The fifth installment in a series of articles on a fascinating story, a long-running successful initiative in youth ministry in the province of Lombardy, Italy.
In studying the data from the sample of 117 groupings the researchers identified a good deal of common ground, which surprisingly indicated that there was very little difference between the official terminology and spoken jargon. Terms such as fraternity, daily living, relation with the group, community evenings, prayers and group experiences or convivenza had emerged during the informal conversations with the participants, signalling that a deeper sense of cohesion was indeed possible. Equally surprising and encouraging was to discover that the participants’ goals and objectives were fairly uniform and highlighted three common concerns felt by the young people:
1. Their willingness to face the various phases of growth from adolescence to adult life within a new social context which, unlike their family system, they had become fully responsible for. Though facilitated by a team of supervisors, the group experience was decidedly organised and conducted with the full co-operation of all participants.
2. A new way of living out one’s own faith. This meant a greater degree of autonomy in actually deciding one’s own religious stance and, at the same time, being able to express one’s own views face to face with other young people. The flexibility and heightened sense of adaptability within the group setting were very much appreciated by all participants.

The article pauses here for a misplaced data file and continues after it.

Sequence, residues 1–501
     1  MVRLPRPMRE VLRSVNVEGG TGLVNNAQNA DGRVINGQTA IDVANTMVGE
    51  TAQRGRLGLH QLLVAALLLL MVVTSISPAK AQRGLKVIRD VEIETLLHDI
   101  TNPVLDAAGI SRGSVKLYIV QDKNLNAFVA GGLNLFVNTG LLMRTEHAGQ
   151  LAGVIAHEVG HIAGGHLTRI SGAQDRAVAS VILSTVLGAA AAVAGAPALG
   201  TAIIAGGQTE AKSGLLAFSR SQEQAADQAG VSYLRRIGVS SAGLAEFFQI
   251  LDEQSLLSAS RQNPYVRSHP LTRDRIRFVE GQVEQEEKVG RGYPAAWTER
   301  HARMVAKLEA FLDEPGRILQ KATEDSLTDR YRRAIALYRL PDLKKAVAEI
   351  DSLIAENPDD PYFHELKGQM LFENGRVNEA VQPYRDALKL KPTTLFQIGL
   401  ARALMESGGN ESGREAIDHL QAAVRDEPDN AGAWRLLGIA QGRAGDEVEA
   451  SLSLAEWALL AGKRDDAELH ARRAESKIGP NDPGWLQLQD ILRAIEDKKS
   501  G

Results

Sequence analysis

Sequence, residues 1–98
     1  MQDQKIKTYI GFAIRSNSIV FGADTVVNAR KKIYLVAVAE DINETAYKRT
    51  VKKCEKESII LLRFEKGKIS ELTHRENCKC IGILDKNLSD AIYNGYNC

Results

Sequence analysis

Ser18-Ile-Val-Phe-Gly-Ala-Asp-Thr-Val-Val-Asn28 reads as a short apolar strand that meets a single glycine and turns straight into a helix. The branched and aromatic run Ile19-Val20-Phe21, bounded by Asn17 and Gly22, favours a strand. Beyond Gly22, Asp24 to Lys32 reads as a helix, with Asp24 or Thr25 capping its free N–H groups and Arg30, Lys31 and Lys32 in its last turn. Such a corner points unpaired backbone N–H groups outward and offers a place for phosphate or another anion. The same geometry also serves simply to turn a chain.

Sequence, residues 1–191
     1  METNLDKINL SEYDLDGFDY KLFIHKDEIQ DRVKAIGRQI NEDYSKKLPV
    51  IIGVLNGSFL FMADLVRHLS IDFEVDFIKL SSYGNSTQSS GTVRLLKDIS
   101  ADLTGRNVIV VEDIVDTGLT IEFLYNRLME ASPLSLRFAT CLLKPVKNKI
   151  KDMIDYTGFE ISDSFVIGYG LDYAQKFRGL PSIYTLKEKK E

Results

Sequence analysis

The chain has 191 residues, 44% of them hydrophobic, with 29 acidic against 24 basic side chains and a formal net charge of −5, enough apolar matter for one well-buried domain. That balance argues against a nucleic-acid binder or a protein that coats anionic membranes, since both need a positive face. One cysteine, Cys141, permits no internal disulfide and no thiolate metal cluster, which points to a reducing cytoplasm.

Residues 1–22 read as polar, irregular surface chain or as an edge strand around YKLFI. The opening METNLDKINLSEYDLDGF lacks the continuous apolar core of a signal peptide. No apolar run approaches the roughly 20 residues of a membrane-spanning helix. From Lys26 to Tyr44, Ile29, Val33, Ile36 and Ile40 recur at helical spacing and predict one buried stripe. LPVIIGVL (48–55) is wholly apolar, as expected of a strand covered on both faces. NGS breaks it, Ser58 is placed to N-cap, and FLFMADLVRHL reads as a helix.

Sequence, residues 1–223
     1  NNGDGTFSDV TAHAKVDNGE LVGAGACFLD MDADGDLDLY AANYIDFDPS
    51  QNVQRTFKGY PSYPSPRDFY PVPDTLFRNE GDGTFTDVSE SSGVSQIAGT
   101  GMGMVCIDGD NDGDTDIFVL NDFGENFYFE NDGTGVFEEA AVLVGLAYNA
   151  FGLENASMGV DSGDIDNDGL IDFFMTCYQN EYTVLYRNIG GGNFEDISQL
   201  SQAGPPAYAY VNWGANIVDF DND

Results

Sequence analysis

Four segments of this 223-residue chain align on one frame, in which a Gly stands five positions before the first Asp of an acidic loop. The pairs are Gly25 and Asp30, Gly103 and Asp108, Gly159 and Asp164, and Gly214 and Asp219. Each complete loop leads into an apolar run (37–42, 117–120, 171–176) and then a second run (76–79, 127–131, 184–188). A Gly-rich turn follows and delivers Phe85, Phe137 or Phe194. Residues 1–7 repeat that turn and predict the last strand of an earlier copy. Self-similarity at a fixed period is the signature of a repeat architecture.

3. A new way of living out their sense of belonging to the local parish community. Despite the high degree of autonomy enjoyed by such young people in an advanced society, there was nevertheless a sense that their lives needed to be grounded somewhere. The consensus, corroborated by a series of in-depth interviews conducted by the research team, was the need to belong to a community. This could find meaning by linkage either with local or religious institutions.
This re-appropriation of the value of community and community living, of pleasure in dialogue – all too often lost in the anonymity of the home environment because too preoccupied, even when family members are together, with safeguarding one’s own egotistical tendencies – is one of the most striking and beneficial outcomes. The search for meaningful and expressive ways to be with and to form communities stands in sharp contrast with the overstated tendency to independence and autonomy reflected in the lives of young people today.
Through the experience of communal living with their peers (in age and educational process), comes the discovery of the enjoyment of being able to hold discussions which, at the level of family life, were almost non-existent.
The adolescents pointed out critically that too much ‘passive time’ was being wasted in front of the television.
Even if the all too brief experience was not meant to radically transform existing patterns, it was seen by the participants as an eye-opener, an option that could be further developed with friends made during the actual convivenza or with the Oratorio representatives. One participant confided, Now I know that I have grown up and that, if I wanted to go and live in another society, I would be able to cope with it.